Perhaps I rhymed too much there but I felt it was necessary since I am proud to say I was right. Everyone and their dog told me that by this time Halladay would no longer be a blue bird, I from the beginning, said no.
What two things do we know about JP Riccardi's somewhat unproductive reign as Toronto's GM?
1) He never trades. Up until now the biggest trade in his tenure is likely the Overbay trade which while it stands up as a decent trade is not resume worthy when you are saying how good of a dealing GM you are.
2) He signs mediocre athletes to ridiculous contracts and ridiculously good athletes to mediocre contracts. See Vernon Wells for the former and Roy Halladay for the latter.
Upon review of these points it should come as no surprise that JP stood pat come his self-imposed trade deadline for Halladay. Look at it from JP's point of view he had four options;
1) Try and trade Halladay to a poor team who could come back with quality picks and young players. While it seems easy Halladay would only waive his no trade clause to a contending team removing all but say a dozen teams from the mix, few of which had the shopping list JP was desiring to pick from.
2) Try and trade Halladay to a team that is a contender. Again now you come accross the opposite problem, many suitors but no dowry. Except for Philadelphia, the Dodgers, and to a lesser extent the Angels any competitive team likely does not have the blue chip prospects warranting JP's attention. Throw salary restrictions into the mix and only Philadelphia could reasonably swing a trade, and trust me the folks in Philly know this and have likely been low-balling JP with JP high-balling creating no middle ground since both teams feel they have the advantage in the supply vs demand model.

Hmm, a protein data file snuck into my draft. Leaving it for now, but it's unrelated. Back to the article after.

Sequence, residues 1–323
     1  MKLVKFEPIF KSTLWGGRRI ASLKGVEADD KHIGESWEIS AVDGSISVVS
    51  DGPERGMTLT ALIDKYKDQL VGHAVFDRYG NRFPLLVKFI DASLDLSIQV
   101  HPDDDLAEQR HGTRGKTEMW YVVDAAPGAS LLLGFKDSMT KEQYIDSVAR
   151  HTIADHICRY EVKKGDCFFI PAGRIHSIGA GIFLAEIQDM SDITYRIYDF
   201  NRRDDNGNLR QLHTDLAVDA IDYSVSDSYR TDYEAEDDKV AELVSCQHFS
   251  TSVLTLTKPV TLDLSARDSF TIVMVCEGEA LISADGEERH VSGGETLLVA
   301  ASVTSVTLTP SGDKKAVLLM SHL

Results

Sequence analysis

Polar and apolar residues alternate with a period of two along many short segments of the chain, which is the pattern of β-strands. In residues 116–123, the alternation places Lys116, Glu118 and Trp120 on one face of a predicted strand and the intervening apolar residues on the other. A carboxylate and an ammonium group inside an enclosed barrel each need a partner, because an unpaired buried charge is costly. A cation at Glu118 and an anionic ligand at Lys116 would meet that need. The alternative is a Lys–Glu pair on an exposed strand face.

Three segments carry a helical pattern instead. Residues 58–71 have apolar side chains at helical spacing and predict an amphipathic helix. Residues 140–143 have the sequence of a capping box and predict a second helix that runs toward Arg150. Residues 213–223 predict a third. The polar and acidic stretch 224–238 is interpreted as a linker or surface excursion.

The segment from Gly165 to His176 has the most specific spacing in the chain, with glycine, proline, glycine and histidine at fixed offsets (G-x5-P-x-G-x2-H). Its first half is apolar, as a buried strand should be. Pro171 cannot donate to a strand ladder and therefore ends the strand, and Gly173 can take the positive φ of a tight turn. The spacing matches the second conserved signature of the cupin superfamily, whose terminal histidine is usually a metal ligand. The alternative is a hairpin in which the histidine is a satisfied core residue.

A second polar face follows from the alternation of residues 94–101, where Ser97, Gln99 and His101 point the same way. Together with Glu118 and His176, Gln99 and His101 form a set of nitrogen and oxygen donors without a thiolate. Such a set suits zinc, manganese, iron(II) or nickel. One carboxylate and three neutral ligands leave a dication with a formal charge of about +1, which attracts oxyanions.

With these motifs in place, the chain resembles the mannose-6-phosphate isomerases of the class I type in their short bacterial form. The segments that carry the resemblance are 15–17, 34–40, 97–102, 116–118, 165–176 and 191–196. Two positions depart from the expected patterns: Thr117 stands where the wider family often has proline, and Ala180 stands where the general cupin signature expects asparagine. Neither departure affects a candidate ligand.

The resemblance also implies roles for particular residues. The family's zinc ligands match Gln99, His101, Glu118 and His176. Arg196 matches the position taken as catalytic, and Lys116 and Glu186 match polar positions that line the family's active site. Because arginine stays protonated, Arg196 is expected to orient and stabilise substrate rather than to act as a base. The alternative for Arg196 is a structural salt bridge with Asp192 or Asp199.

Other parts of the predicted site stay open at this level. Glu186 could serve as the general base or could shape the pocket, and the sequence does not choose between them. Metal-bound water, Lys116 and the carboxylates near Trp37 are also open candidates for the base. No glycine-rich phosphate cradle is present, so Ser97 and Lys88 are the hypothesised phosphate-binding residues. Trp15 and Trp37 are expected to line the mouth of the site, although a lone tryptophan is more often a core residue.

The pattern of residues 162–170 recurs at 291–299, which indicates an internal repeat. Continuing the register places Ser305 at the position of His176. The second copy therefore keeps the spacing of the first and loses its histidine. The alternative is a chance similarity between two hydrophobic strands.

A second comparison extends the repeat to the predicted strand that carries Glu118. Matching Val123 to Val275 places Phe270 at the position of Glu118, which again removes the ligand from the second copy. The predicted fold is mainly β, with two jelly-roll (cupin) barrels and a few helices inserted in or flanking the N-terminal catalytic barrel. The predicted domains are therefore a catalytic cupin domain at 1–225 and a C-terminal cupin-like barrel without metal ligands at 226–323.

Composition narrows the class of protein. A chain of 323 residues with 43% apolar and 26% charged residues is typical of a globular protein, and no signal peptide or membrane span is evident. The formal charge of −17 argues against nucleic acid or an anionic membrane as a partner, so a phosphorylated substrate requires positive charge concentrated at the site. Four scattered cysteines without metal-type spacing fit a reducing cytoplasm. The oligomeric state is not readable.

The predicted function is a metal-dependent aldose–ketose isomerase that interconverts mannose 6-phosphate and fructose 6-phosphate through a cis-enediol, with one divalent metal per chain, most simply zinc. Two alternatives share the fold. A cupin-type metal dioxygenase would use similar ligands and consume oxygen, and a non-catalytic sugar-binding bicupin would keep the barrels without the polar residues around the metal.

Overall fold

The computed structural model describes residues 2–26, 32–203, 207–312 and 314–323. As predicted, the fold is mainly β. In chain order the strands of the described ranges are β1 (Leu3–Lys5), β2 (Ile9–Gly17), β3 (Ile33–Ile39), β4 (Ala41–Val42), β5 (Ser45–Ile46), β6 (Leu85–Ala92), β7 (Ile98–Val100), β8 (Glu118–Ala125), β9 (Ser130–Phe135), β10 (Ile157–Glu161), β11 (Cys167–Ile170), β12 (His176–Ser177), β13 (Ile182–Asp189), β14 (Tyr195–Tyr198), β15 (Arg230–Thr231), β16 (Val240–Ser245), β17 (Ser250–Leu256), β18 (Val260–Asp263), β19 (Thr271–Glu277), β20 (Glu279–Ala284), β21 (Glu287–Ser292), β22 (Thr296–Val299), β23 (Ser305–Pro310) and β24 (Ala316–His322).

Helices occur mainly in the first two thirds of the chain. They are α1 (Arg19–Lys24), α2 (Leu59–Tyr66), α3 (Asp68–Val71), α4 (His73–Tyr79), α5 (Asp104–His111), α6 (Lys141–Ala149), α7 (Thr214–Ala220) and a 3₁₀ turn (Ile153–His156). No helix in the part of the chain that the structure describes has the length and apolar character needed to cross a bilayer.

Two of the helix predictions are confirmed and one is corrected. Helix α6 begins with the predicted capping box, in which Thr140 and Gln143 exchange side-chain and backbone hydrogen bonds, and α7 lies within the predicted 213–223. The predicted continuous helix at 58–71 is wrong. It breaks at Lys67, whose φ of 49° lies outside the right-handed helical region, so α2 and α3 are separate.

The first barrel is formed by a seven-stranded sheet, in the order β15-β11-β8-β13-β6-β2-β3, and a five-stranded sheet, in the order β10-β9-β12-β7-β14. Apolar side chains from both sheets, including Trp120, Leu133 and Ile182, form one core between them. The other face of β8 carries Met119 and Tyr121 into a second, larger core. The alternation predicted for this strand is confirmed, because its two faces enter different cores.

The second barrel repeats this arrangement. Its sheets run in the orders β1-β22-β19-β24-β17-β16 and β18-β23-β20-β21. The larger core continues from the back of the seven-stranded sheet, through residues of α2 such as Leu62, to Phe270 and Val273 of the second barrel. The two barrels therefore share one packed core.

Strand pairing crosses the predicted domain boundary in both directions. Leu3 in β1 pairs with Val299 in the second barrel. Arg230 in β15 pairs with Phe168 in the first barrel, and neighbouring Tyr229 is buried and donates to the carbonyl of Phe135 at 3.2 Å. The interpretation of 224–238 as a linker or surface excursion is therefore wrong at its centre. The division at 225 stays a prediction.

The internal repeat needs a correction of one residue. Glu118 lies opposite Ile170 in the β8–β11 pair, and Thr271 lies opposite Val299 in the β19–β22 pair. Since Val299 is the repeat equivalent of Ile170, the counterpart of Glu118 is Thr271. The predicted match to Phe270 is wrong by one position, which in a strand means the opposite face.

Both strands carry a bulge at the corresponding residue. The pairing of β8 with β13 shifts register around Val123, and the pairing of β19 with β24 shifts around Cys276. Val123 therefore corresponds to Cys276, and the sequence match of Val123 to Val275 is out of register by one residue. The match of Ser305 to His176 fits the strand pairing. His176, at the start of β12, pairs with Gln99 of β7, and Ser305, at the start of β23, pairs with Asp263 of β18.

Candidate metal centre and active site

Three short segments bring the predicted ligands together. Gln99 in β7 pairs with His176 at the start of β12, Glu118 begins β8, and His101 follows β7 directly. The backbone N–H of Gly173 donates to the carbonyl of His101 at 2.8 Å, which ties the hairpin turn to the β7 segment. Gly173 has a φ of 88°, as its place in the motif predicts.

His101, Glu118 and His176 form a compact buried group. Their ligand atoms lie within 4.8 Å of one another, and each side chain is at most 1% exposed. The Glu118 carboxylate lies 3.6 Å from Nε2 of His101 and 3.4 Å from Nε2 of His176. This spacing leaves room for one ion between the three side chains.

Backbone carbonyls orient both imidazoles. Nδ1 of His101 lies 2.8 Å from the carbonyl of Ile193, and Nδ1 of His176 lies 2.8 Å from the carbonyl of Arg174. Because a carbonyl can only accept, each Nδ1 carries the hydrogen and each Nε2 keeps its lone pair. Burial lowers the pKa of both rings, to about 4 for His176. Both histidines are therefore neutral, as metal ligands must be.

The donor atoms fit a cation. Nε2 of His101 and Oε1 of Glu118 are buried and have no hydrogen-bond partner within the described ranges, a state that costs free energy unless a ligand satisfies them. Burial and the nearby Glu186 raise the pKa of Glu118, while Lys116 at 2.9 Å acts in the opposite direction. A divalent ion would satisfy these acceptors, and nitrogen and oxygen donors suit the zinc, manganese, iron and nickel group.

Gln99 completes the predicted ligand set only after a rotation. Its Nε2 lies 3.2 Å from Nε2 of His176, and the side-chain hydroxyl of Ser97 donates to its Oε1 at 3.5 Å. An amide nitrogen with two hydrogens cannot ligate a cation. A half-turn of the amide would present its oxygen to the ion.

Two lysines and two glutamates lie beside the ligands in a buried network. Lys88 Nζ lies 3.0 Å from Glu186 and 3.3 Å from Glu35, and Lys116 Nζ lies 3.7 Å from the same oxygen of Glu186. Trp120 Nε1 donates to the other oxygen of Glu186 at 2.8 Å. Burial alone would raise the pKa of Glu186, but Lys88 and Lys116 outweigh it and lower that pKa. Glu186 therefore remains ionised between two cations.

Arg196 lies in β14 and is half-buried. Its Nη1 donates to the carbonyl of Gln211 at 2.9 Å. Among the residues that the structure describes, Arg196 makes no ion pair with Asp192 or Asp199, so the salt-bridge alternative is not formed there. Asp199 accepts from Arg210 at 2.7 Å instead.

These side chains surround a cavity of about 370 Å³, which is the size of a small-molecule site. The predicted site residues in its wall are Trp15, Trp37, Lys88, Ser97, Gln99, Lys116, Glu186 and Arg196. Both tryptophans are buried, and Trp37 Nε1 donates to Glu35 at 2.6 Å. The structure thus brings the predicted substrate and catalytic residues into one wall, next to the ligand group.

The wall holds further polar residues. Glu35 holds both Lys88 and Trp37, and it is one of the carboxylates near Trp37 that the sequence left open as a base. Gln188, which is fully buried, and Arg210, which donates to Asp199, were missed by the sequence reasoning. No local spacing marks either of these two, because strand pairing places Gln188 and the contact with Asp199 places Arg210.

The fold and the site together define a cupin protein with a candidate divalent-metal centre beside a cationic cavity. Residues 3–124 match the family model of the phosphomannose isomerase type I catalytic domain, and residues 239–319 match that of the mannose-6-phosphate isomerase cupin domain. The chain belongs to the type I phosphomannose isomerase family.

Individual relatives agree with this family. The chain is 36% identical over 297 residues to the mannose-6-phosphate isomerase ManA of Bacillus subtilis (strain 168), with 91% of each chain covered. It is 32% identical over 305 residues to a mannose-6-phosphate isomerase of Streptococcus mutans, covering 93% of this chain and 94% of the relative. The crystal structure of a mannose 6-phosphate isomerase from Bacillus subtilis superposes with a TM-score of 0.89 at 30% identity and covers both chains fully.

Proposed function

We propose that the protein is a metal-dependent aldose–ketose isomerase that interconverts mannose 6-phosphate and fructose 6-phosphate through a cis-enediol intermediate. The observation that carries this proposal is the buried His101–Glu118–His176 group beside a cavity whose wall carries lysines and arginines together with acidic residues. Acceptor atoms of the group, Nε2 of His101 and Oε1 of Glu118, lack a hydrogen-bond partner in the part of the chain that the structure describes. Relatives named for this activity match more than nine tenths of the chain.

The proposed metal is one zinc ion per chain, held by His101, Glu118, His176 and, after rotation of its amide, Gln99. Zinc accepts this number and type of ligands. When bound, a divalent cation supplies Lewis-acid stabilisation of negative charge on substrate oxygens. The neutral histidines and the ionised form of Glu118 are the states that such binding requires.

3) Trade Halladay to either of the LA teams or to Philly for two crap shot draft picks and a proven major leaguer. Too me this is the option that has the least logic, why would you eat the salary of an everyday player who would have to be good enough to warrant a 10 million plus salary when you had the best pitcher in baseball to start off with. Except for Josh Hamilton in Texas I don't think there is a player in baseball that could provide a positive upside high enough to warrant such a move.
4) Don't trade Halladay. Let him play out the season and likely win the CY Young or come agonizingly close and still have a 20 win or close to it season. You then have the option to trade him in the off-season with his value just as, if not higher. Once you can assess the free-agent market and locate a suitable replacement for less money therefore justifying trading him for a bag of balls come next year's deadline. Also, this gives him the chance to see how things play out when you have the most experinced rotation and quite possibly the most talented in baseball under 32 come the 2010 season.
To me it's simple. Inaction is the norm for JP and this situation is no exception. There was no need to push the panic button as the best deal that came accross JP's desk likely had a high failure probability and would have been just another excuse to pin another bad trade on JP. I say the fans who were pushing for a Halladay trade aren't really Jays fans at all, just people who wanted to see JP fail yet again and were willing to negotiate the hostage that is the Blue Jays future.
I am glad cooler heads prevailed.